Blueberry Thyme and Lemon Jam

I know- jam is intimidating. I was scared too. But trust me, if you understand a few key things about making jam it is SO easy and lots of fun to make. At school we probably made some sort of jam, jelly, marmalade or chutney 2-3 times a week so if there's one thing I understand, it's jam.

Let's talk about pectin. Pectin is a naturally occurring substance in fruits and berries which, when heated and combined with sugar, will cause the fruit to 'gel.' It is most concentrated in the pips, cores and skin. Pectin levels vary in different fruits. Citrus fruits, apples and raspberries have a decent amount of pectin in them while fruits such as strawberries, blueberries and blackberries are quite low in pectin. Many people choose to make up for low pectin levels by buying pectin in powder form, however, I personally think this changes the texture and taste of your jam. Another option is to combine the low pectin fruit with a high pectin fruit such as lemon or redcurrant to compensate for the low amount of pectin. Since blueberries have a low amount of pectin, I chose to add lemon juice to this recipe. I also thought the lemon would help to balance the blueberry and thyme flavors. 

The second thing to consider when making jam is the amount of sugar you are using. I personally like to keep the sugar on the lower end but if you prefer a sweeter jam, you can add a half of a cup more sugar to this recipe. 

Lastly, you need to know that your jam will set when it's cooled in its container. A very easy 'set test' is to put a small plate in your refrigerator before you start making the jam, when the recipe tells you the jam should be set and ready to jar, put a spoon full of the liquid onto your cold plate and put the plate back in the refrigerator. After about 5 minutes, take the plate out and run your finger through the jam. If it wrinkles, the jam will set when cooled. If it is still very liquid, it needs to continue thickening and reducing. 

That was your jam crash course. Hopefully you're feeling good about this now and ready to jam it up with me! See recipe below!

Blueberry Thyme and Lemon Jam- makes 3 x 8oz jars


700 grams (approximately 3 cups) fresh blueberries washed, stems removed

3 TBS fresh lemon juice

1 TBS fresh thyme leaves

455 grams (approximately 2 cups) granulated sugar


1. Preheat oven to 350 degrees F. Put small plate in refrigerator for set test.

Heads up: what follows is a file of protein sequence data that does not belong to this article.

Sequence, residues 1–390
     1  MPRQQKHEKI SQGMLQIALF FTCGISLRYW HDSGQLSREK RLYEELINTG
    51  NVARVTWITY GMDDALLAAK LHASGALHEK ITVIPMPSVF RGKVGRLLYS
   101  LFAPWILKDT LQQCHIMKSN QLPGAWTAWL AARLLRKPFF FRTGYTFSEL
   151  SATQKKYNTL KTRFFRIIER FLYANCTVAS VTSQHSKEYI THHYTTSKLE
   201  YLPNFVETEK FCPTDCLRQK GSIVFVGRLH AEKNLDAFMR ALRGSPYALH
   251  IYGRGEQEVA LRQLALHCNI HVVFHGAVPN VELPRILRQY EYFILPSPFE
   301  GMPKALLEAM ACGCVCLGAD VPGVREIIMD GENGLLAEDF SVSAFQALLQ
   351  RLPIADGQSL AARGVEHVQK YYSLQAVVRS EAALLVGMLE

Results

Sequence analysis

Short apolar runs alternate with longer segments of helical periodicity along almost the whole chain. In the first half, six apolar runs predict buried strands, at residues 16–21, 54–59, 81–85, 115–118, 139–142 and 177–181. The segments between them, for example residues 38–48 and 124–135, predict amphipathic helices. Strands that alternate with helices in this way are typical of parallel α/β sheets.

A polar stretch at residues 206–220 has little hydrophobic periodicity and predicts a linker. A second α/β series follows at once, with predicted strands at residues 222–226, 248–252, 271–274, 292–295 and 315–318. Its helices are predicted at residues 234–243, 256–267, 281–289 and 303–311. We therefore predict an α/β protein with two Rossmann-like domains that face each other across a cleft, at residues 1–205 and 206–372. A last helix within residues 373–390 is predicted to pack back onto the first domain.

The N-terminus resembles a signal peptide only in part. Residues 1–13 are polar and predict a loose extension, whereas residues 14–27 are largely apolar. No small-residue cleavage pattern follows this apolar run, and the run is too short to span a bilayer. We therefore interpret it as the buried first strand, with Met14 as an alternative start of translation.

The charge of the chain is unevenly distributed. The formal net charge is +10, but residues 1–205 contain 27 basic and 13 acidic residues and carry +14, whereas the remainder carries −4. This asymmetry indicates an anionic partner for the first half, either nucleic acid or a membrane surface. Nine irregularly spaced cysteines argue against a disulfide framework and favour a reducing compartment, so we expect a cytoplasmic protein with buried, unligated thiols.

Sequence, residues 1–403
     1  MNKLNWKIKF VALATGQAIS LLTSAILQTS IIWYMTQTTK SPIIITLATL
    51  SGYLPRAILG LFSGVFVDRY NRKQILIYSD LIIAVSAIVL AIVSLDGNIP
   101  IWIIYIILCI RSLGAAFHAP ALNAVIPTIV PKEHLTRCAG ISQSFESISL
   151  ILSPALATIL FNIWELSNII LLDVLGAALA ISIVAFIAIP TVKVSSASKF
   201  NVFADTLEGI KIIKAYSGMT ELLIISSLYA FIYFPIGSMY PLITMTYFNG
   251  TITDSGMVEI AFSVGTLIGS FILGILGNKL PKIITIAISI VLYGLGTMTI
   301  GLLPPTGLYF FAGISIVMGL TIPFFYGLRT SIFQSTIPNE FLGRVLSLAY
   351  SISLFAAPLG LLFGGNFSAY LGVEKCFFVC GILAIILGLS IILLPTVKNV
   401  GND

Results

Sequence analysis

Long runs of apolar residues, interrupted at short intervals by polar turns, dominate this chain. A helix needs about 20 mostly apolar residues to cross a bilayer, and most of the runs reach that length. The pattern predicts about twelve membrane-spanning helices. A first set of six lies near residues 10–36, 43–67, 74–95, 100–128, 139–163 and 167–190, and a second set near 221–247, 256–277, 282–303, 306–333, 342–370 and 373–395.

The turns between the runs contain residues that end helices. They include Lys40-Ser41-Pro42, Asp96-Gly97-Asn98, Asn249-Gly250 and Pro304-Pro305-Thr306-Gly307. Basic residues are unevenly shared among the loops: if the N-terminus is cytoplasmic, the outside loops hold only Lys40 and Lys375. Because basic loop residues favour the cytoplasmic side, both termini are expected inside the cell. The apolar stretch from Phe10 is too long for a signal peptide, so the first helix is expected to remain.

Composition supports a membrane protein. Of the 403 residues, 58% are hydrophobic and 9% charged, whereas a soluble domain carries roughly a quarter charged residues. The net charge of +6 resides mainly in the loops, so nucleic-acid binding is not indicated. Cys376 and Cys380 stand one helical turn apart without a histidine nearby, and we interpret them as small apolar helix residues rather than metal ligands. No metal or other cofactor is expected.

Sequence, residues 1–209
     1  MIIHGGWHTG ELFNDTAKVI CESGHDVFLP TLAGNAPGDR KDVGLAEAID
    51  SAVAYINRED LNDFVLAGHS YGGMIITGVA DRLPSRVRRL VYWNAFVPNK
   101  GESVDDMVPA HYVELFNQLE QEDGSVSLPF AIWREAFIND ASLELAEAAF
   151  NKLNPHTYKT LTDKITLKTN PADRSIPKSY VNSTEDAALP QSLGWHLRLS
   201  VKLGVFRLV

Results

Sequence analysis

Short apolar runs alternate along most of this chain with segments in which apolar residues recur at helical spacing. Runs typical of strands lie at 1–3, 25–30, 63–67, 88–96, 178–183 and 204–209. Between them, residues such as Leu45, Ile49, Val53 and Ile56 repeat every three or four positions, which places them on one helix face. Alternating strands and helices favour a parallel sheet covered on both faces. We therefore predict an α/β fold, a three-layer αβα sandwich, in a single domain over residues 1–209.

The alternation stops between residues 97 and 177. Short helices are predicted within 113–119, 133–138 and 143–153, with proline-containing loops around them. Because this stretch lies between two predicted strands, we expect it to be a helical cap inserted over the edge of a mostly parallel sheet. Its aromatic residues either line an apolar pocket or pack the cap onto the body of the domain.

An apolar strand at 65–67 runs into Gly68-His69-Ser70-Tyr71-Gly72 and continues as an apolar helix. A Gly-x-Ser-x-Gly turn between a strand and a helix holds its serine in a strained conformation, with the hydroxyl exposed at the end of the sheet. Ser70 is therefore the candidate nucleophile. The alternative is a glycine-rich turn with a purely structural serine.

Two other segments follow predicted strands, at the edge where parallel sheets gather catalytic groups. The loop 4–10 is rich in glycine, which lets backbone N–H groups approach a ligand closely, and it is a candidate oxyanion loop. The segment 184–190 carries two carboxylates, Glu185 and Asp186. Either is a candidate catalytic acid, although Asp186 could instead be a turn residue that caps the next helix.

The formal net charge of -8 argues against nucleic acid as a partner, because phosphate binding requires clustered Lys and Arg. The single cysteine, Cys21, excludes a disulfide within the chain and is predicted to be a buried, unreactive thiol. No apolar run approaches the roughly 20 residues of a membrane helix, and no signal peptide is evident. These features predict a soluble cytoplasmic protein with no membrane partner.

2. Put jar bottoms in oven to sterilize. Put jar lids in saucepan and cover with water. Bring to a boil to sterilize. Let boil for 5-10 minutes and turn off stove. Lids can sit in the water until ready to use. 

3. Measure out sugar in an oven proof jar (I use a pyrex measuring jug) and put in oven with jam jars. The sugar should heat up for approximately 10 minutes. Using hot sugar as opposed to cold with speed up the dissolving process when you add it to the fruit. 

4. Put blueberries, thyme and lemon juice in a heavy bottom sauce pan and use a potato masher to mash the berries a bit so they start to break down. Turn on heat to medium. When the juices from the blueberries start to release add in the hot sugar. Bring to the boil and stir continuously. 

5. After a couple of minutes of boiling, you will need to 'skim' the top of the boiling liquid using a spoon. You'll notice that a layer of foam will appear on the surface. If you leave this in the jam, your jam will be a bit hazy. The pictures below show the jam pre and post skim. 

6. Once skimmed, you're ready for your set test. Take the plate out of the refrigerator and spoon some of the jam onto the center of the plate. Put back in the refrigerator and allow to sit for a few minutes. In the meantime, remove the jars from the oven and prepare your lids and funnel for transferring the jam to jars. Remove the plate from the refrigerator and run your finger through it to see if it wrinkles. It should look like this (note this picture is raspberry not blueberry jam):

7. If the jam is not set, continue to reduce until it thickens a bit more and do another set test. If it is set, start to transfer the jam to your jars using a funnel. Make sure to fill the jam all the way to the top! Enjoy!

Storage note: jam should be okay left at room temperature before opened. Once opened, refrigerate.